Firestein, who oversees the institute's Asia-Pacific Program, talks to Diplomat as part of a series of discussions on U.S-China relationship for the next four years.
Below are some of Firestein's comments:
Donald Trump is now the president of the United States. What will his presidency mean for U.S.-China relations? Given that Trump was elected with a mandate to “do things differently,” predictions of sharp, decisive changes in U.S. policy toward China – and growing difficulties in this most consequential bilateral relationship – abound. I think we will see both change and continuity – and probably more continuity than generally anticipated.
On trade, the Trump administration will likely adopt a tougher course in a number of ways, but I don’t think it will change the foundational architecture of the commercial relationship. Within the WTO framework, the United States will likely press China harder on trade cases, IPR infringement, and the exfiltration of commercially valuable proprietary data (aka, cyber-enabled economic espionage); and it may continue to make noise about China’s currency policy (read: “manipulation,” in the view of some in the administration). But I don’t think the fundamental dynamics of the trade relationship will or can change quickly. If President Trump manages merely to slow the growth of the massive U.S. annual trade deficit with China – a deficit that reached a billion dollars a day in 2015 – that will be a laudable achievement in itself. This won’t be as easy a nut to crack as it might have seemed to some during the campaign.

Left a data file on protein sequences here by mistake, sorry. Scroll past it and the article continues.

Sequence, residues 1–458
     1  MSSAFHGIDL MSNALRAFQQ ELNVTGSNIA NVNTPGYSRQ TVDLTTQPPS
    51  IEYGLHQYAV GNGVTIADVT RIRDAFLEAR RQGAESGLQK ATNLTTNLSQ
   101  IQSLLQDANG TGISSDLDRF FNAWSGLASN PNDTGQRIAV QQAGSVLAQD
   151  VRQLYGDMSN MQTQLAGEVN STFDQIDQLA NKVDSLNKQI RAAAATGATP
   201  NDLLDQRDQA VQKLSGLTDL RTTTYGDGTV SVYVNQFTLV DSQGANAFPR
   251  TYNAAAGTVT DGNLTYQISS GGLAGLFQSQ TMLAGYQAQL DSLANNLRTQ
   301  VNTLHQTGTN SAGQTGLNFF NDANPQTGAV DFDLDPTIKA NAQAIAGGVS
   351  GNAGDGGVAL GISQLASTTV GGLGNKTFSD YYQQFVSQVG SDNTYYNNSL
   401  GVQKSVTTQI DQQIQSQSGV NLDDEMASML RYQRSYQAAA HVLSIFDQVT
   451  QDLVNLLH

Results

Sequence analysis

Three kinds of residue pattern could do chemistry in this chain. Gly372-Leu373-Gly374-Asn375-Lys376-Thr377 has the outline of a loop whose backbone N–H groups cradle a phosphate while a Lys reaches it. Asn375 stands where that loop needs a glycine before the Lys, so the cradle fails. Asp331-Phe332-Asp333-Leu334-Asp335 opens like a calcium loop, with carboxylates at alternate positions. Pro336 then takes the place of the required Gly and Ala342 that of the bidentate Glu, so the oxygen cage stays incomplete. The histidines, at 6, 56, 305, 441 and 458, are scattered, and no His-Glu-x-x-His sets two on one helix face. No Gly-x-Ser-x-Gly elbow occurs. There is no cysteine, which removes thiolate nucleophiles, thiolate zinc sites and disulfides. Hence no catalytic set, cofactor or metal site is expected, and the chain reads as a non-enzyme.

President Trump’s main specific goal as president is to “bring back” (or, in any case, create) millions of good-paying blue-collar jobs, particularly in the American heartland. The infrastructure sector, which figured unusually prominently in President Trump’s inaugural address, can be the key to that. And herein lies a real opportunity to transform the U.S.-China relationship, and U.S. perceptions thereof, in a fairly fundamental way. Specific ideas that I would encourage the Trump administration to consider are a possible bilateral infrastructure investment treaty (BIIT) with China; or more generally, a multilateral infrastructure investment liberalization agreement for the global economy (MIILAGE) and legislation aimed at streamlining foreign investment in U.S. infrastructure (e.g., a “Streamlining International Investment in U.S. Infrastructure Act,” or SIIUSIA).
Many are pessimistic about the prospects for U.S.-China relations under President Trump; at a minimum, I am more “cautiously pessimistic.” But actually, I would go even further: I think there is genuine upside potential in this relationship that can be realized under the new U.S. president and his Chinese counterpart. I am hopeful that, for the sake of our two peoples and the world, that potential will be recognized – and realized.
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